What's happening with the final 2022 F1 driver vacancy - The Race
Formula 1

What’s happening with the final 2022 F1 driver vacancy

Nov 6 2021
By Edd Straw

Alfa Romeo will make a decision on its second 2022 Formula 1 driver “by Brazil or just after Brazil”, according to team principal Frederic Vasseur, with Alpine-contracted Guan Yu Zhou understood to be favourite for the seat.

With Valtteri Bottas already signed up on a long-term deal, the decision on the second Alfa Romeo seat was delayed by the potential takeover by Andretti.

But now this possibility has fallen through, the team is in a position to make its choice on who will be his team-mate next year around next weekend’s Brazilian Grand Prix.

“It’s the next topic on the table,” said Vasseur when asked about the situation by The Race.

“I think we will take a decision by Brazil, or just after Brazil.”

As well as Zhou, his Alpine academy stablemate Oscar Piastri and Alfa Romeo incumbent Antonio Giovinazzi are also in contention.

Zhou and his backers are keen for a long-term deal with Alfa Romeo but a contract is not complete that suits both team and driver, meaning it is not a foregone conclusion.

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Sauber’s own academy driver, the highly-rated Theo Pourchaire, is held in high regard by Vasseur but it’s felt that the 18-year-old should continue in Formula 2 next year with a view to fighting for the championship before becoming a more serious contender for an F1 seat in 2023 or ’24.

Vasseur said that the decision will not simply be based on the performance of the drivers, with other factors – including potentially the budget they can bring – also in the mix.

This means Zhou remains at the front of the queue given he would bring significant backing. A Chinese driver also appeals to F1 given it’s understood it would likely lead to a lucrative second race in China joining the calendar, meaning F1 CEO Stefano Domenicali will potentially also do everything he can to facilitate a deal.

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While Zhou and his backers are understood to be keen on a long-term deal, Alfa Romeo would prefer more flexibility on its side – especially given the prospect of Pourchaire being ready for F1 as early as 2023.

“It’s not so easy, it’s not just a matter of performance, budget, nationality or I don’t know what,” said Vasseur.

“It’s a long term project for the company. We are starting now a new journey and we need to think about ‘22, ‘23, ‘24 and what could be the best fit for the team.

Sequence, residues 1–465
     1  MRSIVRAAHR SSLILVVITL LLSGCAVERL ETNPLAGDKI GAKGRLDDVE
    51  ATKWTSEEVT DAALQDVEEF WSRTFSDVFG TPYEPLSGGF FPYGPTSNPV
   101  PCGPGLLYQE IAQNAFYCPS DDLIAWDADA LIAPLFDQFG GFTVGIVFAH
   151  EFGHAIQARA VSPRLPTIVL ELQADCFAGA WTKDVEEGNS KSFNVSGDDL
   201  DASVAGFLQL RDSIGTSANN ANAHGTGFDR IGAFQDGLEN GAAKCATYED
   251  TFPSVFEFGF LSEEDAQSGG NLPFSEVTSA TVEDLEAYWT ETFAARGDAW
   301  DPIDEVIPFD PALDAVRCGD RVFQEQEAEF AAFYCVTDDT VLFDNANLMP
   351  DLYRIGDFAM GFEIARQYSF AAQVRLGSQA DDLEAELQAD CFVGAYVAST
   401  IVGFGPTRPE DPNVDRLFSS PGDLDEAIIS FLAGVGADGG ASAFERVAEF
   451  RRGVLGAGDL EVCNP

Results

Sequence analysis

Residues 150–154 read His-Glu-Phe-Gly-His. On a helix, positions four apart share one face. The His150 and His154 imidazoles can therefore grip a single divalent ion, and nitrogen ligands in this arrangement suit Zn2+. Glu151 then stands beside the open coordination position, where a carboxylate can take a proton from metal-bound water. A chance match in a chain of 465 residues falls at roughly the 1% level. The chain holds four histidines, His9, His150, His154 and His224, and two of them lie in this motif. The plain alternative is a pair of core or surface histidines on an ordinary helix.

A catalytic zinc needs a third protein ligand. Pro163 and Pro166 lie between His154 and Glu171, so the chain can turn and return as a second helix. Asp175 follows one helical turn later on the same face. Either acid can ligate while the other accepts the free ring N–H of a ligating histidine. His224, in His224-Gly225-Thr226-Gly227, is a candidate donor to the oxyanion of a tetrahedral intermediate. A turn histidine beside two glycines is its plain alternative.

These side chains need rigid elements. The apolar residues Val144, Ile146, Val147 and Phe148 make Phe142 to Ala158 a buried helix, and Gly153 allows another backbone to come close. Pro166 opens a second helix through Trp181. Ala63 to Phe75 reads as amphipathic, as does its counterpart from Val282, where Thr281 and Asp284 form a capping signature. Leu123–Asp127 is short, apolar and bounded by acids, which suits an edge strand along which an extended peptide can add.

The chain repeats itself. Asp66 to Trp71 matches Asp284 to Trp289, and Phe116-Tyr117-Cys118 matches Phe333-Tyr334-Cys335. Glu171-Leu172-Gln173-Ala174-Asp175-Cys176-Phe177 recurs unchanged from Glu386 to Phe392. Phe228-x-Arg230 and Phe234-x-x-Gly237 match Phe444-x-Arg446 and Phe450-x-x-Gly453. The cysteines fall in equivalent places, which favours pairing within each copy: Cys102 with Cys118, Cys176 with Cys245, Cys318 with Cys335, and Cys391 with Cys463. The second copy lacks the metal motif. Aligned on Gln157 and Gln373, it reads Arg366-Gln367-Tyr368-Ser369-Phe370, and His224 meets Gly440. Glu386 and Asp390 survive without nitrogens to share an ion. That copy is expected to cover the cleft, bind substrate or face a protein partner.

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“We are not in a rush because all the options are on the table and they will stay on the table for a couple of weeks.

“I need to decide also for the company, for the mechanics, the engineers, the people at the factory because it’s important for us to tick the box, turn the page and say the ‘line-up for ’22 is this one, let’s be focused on this’.”

Piastri is also held in high regard by Alfa Romeo, justifiably so given he leads the F2 standings in his first season while Alpine stablemate Zhou is second in the standings but in his third campaign at this level. Piastri undoubtedly merits promotion to F1, but is in a more difficult position.

While Piastri would not come with Zhou’s budget, there is another stumbling block in that Alfa Romeo is not keen on a driver who could then be taken back by Alpine if he thrives.

Given Alpine has 40-year-old Fernando Alonso on its books, that’s a legitimate concern in Alfa’s consideration of Piastri even though there have been discussions with Alpine about both its two academy drivers.

“You need to have a long term view on this,” said Vasseur. “We spoke about Oscar, he’s doing a very good job in F2 but even if you do something you know that in 12 months he will be back at Renault [Alpine].

“You can’t build up the team like this when you know that the driver has two options – either the driver does a bad job [and Alpine doesn’t want him], and if he does well he will leave.

“So if you are trying to build up something with a mid-term view it is difficult.”

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This leaves incumbent driver Giovinazzi, who said earlier in the Mexican Grand Prix weekend that he is eager to know his future but has no choice but to wait for Alfa Romeo’s decision.

While retaining Ferrari-contracted Giovinazzi would now not come with any financial advantages for Alfa Romeo, he offers continuity and, in qualifying in particular, a good level of performance.

However, it does appear that Giovinazzi is regarded more as a fallback option should a deal with Zhou not be completed. He would certainly make a solid stopgap given his experience with the team, and could then potentially be replaced by Pourchaire should the 18-year-old continue his impressive F2 progress.

As Vasseur said, “the contracts are a bit complicated and it’s important to have all the options on the table”.

And while the target for completing a deal is now around the time of the Brazilian Grand Prix next week, those complexities mean it could yet drag on even longer given the team has the only vacant 2022 seat and can afford to take its time.

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